On Thursday afternoon at Pittsburgh's South Side practice facility, the Panther receivers continued to improve. Early on in the session, redshirt sophomore-to-be Kevan Smith unloaded a bomb, connecting with Mo Williams down the right sideline for what may have been Pitt's longest passing play of spring practice.
The offensive line protected Smith just long enough, giving him time to step up in the pocket and deliver a strong throw right on target. Smith, now taking increased reps with the second team offense, was accurate throughout the practice, but was then intercepted late by linebacker Tristan Roberts in the middle of the field.
Wannstedt said making those plays down the field will be critical to the team's success on the offensive side once the season begins.
"I think were going to have to make some plays down the field if we're going to score enough points to beat most teams we play," Wannstedt said. "It's something that we're working on, and I like the competition that we have there. We've got four or five guys that are competing for a couple [wide receiver] spots. I think maybe they're pressing a little bit."
Cedric McGee has emerged as one of the top targets for all the quarterbacks the past couple weeks, and he continued to play well on Thursday. McGee caught balls at the sideline, in the middle and out of the backfield. With a few minutes left in practice during the 11-on-11 drills, McGee caught a pass from Bill Stull on a screen and broke through the secondary to score.
"He's running well, his intensity is outstanding," receivers coach Bryan Bossard said. "I'm excited about where he is."
But Bossard said while he is happy with the direction the receivers are heading, he doesn't see them as a non-stop deep-ball threat – at least not yet.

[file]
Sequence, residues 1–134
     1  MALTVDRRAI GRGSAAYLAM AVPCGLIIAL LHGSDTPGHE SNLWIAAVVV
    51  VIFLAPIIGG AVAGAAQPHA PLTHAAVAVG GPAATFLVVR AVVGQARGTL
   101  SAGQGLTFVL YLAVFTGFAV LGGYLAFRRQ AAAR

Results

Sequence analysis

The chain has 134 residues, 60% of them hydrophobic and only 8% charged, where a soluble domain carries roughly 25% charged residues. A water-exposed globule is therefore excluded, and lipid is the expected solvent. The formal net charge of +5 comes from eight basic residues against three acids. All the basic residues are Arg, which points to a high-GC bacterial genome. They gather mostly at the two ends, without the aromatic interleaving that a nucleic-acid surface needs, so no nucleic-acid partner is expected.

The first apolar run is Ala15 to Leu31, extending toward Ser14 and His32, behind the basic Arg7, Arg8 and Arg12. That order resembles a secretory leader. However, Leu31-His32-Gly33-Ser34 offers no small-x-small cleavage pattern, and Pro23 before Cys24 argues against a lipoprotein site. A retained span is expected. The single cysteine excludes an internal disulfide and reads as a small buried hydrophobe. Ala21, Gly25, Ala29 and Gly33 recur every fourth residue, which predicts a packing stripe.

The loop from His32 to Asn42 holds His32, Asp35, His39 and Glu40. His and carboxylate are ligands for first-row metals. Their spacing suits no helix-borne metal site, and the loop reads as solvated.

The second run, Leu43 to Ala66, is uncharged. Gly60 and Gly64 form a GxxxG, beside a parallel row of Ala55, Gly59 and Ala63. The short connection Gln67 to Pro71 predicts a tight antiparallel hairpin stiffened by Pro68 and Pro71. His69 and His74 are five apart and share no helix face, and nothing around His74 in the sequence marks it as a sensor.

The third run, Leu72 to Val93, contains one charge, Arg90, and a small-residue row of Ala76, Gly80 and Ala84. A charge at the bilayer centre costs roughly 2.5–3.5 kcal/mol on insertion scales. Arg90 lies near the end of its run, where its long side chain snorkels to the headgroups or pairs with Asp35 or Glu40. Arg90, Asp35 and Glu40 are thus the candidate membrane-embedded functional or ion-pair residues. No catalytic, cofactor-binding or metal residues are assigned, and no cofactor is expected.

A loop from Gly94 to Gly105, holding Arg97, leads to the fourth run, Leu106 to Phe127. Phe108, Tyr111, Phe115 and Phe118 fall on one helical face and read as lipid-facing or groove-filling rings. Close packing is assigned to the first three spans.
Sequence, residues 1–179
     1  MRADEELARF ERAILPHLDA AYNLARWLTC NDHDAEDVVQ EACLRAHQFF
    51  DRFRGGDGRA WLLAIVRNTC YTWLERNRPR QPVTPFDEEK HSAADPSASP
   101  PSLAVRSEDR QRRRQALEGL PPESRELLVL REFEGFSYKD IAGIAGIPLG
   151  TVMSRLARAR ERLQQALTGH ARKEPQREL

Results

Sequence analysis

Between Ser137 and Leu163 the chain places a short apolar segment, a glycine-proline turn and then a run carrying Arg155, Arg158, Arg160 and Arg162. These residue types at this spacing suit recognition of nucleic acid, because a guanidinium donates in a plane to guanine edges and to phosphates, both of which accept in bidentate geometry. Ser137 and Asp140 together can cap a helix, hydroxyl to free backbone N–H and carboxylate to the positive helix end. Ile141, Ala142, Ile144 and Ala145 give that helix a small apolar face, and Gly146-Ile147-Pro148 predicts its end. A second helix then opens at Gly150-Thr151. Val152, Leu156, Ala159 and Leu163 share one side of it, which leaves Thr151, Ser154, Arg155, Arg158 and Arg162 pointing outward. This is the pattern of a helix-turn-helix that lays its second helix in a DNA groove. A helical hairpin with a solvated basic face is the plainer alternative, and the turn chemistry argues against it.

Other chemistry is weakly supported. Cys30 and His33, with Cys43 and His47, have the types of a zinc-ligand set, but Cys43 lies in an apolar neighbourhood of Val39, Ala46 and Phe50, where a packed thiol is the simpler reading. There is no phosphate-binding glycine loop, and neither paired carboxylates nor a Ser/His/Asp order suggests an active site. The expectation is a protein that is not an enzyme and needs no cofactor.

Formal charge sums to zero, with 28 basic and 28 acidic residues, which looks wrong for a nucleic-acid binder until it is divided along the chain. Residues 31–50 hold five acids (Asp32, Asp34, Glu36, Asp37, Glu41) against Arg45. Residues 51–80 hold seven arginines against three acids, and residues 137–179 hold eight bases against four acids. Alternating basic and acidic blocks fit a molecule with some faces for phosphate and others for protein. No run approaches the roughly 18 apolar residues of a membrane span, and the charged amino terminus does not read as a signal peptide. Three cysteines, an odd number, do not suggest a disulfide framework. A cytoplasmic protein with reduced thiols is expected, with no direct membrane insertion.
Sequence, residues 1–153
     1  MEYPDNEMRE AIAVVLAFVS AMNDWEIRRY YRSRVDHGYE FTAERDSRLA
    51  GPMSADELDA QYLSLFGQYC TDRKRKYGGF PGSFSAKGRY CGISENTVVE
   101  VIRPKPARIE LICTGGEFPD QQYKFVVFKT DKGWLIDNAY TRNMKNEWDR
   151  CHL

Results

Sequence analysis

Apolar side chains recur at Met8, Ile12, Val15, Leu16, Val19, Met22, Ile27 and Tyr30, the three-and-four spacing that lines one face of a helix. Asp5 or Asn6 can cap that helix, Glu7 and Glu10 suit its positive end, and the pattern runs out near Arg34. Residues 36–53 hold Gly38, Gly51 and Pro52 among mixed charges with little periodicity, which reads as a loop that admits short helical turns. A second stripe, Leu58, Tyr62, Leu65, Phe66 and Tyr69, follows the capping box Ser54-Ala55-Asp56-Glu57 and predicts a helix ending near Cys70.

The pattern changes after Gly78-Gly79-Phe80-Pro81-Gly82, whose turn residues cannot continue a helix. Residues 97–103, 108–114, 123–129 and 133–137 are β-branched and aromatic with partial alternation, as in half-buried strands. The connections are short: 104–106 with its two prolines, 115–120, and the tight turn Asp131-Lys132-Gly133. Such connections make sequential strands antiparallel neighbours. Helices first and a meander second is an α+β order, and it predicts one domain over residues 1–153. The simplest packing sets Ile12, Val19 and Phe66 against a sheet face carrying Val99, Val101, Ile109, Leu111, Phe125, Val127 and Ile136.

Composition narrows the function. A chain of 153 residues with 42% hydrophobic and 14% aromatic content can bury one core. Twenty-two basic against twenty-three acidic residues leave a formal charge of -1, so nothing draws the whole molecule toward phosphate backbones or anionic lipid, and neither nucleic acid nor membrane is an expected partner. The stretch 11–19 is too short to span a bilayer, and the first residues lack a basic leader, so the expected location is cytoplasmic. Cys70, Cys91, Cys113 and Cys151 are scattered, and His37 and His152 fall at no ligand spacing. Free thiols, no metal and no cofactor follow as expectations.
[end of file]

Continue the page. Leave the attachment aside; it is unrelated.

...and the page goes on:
"You've got to have a guy that can stretch the field," Bossard said. "We have very good receivers but we don't have any burners. I think we can get on top of guys [in different situations], but as far as running past people every snap, that's not our DNA."
Something that could take the pressure off the receivers and quarterbacks and bring the safeties and linebackers in is a solid running game – something Pitt displayed last year and has continued to do well this spring.
Tailbacks LeSean McCoy and LaRod Stephens-Howling had good practices, finding holes and catching balls out of the backfield. Although it wasn't on a consistent basis, more holes opened up at the line of scrimmage, giving some extra running room for the players in the backfield.
If McCoy and Stephens-Howling can build on that success during the season, the passing game could really open up.
Malecki, who played the past two years on the interior defensive line, is transitioning to guard this spring to add depth to the offensive line.
"I thought he took a big step forward on Tuesday," Wannstedt said of Malecki. "John is one of the smarter players on our team. The learning part is coming quicker than most. The first two weeks he was out here just trying to out-effort guys, he really wasn't sure of his steps or where to put his hands. I think [now] it's starting to come together for him."
Wannstedt added that although he's happy with what Houser has done at the center position, he's still not comfortable with a backup center. He said he'd continue to experiment with different players and find someone who fits in well.
"I'm not sure [who it will be]," he said. "We'll see how it unfolds."
Pitt resumes practice tomorrow and then scrimmages again on Saturday.